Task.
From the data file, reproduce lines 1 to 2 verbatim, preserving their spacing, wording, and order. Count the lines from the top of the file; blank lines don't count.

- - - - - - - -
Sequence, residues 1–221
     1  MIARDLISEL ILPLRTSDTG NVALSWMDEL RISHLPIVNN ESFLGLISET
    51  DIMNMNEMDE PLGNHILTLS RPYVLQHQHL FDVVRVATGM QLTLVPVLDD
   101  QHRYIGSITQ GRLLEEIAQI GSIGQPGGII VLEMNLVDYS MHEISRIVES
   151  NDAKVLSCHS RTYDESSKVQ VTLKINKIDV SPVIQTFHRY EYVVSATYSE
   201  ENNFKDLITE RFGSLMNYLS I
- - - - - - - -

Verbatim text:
Sequence, residues 1–221
     1  MIARDLISEL ILPLRTSDTG NVALSWMDEL RISHLPIVNN ESFLGLISET